The Vaccines’ fourth album Combat Sports reaffirms their identity as a guitar band. Their over-hyped debut What Did You Expect From The Vaccines? led to them being absurdly touted as the “saviours of rock ‘n’ roll” but was actually rather good, while their next work, the equally ironically titled Come of Age, confirmed their status as one of the diminishing breed of guitar-based groups with a mainstream appeal.
Then came an unexpected flirtation with boyband pop (with front man Justin Young collaborating on songs with One Direction) and their synth-saturated third album English Graffiti signalling a change of tack.
Combat Sports is certainly no return to The Vaccines’ early surf-punk sound, but it does reinvigorate their indie-major rock credentials with its more muscular guitar edge and stronger backbeat in what is still a pretty polished production by Ross Orton. The album title seems to reflect the reported coming to blows of Young and lead guitarist Freddie Cowan on the last day of recording, while the cover shows grappling fists. And the music sure packs a punch.
Personnel changes may have had a revitalising effect. Original drummer Peter Robertson has been replaced by Yoann Intonti with touring keyboardist Tim Lanham becoming a full member of the band, so with bassist Árni Árnason The Vaccines are now a five-piece. At only just over half an hour long, Combat Sports is their shortest album yet, with none of its 11 tracks straying over four minutes, all in bursts of compact energy. Each song has a short guitar solo, while riffs and hooks abound, in stories of combative love and sex couched in Young’s characteristically wry lyrics.
The opener Put It On A T-Shirt, about a dysfunctional relationship, is a big, bold, catchy number with a pulsating beat. Lead single I Can’t Quit is a similarly high-octane tune with bristling guitar as Young declaims of a love gone sour “I’m over it” – or is he, as the title suggests it’s an addiction hard to give up?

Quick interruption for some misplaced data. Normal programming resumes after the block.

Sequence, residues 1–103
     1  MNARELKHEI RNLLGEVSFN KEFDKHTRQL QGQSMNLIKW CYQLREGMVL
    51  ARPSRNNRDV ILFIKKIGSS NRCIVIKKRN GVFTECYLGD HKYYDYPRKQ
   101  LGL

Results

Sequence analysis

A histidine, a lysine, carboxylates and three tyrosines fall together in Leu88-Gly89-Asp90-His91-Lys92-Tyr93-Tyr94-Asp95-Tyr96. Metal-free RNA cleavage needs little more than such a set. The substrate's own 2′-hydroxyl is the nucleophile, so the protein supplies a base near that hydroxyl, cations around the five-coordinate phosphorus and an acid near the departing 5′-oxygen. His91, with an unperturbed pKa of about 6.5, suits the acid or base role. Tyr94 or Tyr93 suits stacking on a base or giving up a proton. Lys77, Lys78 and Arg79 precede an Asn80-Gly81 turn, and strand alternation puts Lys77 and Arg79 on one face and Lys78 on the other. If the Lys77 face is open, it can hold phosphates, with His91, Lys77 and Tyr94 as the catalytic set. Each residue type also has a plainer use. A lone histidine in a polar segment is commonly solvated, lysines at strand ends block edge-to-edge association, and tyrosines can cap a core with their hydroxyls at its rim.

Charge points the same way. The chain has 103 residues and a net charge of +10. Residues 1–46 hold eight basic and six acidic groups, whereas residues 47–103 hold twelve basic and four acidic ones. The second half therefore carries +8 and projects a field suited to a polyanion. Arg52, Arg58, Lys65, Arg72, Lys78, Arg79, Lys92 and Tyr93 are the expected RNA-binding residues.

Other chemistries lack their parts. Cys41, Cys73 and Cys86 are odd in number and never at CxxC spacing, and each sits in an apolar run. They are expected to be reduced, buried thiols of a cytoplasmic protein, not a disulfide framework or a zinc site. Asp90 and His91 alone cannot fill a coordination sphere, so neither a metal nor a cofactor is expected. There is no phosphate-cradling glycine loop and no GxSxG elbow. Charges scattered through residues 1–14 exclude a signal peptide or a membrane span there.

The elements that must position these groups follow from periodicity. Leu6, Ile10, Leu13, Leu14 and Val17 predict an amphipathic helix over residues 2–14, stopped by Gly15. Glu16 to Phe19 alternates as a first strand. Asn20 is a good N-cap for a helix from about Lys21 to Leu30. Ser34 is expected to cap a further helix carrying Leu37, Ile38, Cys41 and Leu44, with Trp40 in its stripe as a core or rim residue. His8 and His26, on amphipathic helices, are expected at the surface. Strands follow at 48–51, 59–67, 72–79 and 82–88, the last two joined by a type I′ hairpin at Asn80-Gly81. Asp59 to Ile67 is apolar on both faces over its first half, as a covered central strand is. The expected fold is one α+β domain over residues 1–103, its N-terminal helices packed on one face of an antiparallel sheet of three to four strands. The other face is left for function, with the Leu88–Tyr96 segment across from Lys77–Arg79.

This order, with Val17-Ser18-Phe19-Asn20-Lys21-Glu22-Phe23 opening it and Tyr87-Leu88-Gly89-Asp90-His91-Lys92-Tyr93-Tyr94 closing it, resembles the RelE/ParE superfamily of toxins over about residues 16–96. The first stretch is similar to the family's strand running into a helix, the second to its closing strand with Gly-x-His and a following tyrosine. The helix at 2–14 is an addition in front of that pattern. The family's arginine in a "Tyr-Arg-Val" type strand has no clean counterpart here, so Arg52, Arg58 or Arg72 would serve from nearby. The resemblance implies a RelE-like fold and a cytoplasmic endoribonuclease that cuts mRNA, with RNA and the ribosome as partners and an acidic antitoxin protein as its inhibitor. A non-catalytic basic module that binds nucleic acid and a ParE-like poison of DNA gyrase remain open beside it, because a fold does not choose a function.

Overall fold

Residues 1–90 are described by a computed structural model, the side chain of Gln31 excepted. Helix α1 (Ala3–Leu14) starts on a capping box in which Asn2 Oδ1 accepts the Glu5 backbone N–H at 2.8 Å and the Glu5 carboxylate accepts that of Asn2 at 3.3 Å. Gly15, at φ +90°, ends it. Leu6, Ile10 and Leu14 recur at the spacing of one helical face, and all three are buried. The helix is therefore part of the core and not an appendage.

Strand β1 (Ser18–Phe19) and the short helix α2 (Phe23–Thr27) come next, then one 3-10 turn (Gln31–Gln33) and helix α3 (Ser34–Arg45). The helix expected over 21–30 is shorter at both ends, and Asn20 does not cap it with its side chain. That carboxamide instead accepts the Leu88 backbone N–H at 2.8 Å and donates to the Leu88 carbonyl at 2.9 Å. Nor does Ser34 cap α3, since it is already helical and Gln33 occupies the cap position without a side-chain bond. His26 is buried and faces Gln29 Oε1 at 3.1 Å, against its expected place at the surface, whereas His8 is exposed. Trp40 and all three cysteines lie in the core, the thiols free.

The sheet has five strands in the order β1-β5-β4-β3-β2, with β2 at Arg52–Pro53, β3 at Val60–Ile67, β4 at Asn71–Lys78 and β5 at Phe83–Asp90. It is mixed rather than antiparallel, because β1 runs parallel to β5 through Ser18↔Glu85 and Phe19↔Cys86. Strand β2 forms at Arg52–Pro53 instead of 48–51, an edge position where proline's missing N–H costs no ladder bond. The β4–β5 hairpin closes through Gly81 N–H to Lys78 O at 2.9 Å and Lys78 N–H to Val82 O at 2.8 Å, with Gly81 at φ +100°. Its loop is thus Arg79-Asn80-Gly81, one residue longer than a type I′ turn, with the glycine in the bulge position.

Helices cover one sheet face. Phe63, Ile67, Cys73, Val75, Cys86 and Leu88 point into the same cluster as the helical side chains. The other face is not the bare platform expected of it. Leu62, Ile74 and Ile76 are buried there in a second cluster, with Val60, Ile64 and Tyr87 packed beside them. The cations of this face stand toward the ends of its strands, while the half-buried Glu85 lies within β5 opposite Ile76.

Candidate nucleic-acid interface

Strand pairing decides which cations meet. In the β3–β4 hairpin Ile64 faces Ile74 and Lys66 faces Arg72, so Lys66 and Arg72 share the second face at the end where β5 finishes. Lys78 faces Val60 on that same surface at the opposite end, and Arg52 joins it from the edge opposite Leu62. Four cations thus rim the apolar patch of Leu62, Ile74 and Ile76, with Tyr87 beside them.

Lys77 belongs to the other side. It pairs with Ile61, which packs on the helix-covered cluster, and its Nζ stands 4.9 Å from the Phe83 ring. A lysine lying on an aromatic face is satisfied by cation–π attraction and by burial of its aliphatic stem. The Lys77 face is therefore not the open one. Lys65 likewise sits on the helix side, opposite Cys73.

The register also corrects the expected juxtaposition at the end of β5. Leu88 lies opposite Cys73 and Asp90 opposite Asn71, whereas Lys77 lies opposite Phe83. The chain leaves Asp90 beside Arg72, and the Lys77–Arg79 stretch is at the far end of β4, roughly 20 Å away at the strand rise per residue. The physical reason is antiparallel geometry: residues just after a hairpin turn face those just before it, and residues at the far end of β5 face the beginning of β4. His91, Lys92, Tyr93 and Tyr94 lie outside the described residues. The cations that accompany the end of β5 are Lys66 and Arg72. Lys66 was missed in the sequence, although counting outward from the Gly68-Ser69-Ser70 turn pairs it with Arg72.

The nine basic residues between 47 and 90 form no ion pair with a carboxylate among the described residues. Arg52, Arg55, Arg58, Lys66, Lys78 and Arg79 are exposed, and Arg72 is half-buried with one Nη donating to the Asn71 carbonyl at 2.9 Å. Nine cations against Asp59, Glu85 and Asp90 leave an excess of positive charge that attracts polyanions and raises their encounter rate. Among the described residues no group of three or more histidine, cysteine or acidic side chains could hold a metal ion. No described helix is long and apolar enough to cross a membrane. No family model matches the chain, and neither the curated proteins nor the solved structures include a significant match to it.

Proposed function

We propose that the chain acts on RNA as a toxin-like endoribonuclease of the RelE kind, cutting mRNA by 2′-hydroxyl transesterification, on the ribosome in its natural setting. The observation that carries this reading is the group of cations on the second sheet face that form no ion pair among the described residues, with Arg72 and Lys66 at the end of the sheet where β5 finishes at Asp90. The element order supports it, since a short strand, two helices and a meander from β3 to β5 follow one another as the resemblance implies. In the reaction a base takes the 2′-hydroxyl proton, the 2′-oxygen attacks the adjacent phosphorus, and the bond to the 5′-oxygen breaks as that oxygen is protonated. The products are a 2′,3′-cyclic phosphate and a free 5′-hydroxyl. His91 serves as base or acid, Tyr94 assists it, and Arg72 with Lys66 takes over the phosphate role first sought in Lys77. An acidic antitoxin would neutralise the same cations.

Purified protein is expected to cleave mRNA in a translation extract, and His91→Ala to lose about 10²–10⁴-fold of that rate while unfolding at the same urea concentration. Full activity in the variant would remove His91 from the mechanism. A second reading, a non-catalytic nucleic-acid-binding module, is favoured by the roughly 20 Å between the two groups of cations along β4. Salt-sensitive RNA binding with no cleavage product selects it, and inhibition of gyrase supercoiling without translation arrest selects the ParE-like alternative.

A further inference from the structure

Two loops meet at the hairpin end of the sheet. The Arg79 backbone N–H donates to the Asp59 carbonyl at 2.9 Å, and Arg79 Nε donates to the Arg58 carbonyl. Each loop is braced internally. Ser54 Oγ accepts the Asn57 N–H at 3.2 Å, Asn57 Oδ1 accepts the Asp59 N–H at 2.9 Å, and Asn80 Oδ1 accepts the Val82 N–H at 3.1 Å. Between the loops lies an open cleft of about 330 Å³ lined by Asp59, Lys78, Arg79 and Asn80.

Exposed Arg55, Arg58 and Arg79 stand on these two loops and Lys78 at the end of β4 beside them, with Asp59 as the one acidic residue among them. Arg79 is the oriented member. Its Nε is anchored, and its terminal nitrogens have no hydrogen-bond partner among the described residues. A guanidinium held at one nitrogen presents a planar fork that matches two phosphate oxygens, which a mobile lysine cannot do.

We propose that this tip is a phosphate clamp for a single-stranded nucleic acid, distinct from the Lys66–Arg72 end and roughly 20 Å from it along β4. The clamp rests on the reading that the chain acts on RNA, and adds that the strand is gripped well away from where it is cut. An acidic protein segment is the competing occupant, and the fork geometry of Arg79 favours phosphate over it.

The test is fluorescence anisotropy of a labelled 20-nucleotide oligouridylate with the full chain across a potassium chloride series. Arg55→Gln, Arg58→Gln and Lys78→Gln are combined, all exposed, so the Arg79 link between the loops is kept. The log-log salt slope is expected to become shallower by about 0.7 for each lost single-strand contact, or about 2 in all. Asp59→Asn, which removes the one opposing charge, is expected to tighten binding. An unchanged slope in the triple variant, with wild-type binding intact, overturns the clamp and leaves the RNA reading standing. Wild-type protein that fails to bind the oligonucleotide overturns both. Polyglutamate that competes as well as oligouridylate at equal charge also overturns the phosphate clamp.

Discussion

In Your Love Is My Favourite Band the lonely singer waits expectantly for love in the night – “I turn my radio on for you, baby / To hear the song you wrote for me” – while in Someone To Lose he is perversely desperate for passion: “We’re not good for one another / But I’m begging, I’m begging of you / I wanna have someone to lose.” Both songs are reminiscent of early ’80s new wave pop-rock like Blondie or The Cars. Out On The Street – a wintry affair where love has frozen over – and Take It Easy – a hymn to indolence – on the other hand suggest ’70s power pop.
In Surfing In The Sky love soars upwards with a blast of positivity, while the vaguely romantic Maybe (Luck of the Draw) is brightly upbeat in a non-committal way: “Maybe I want to spend my life with you.” Young American is the one track where the pace drops for a couple of minutes, with Young cooing sweet nothings into the ear of a loved one.
The tempo ups again with the bouncy Nightclub, danceable rock à la Franz Ferdinand, where desire throbs insistently: “She said she only thinks of love like a long weekend / But she might jump in if I show her to the deep end.” But in the raucous Rolling Stones the cynicism of “the art of deception is a contact sport” is countered by the affirmative “the world should revolve around her”, bringing the conflicts of the album to some kind of harmonious resolution.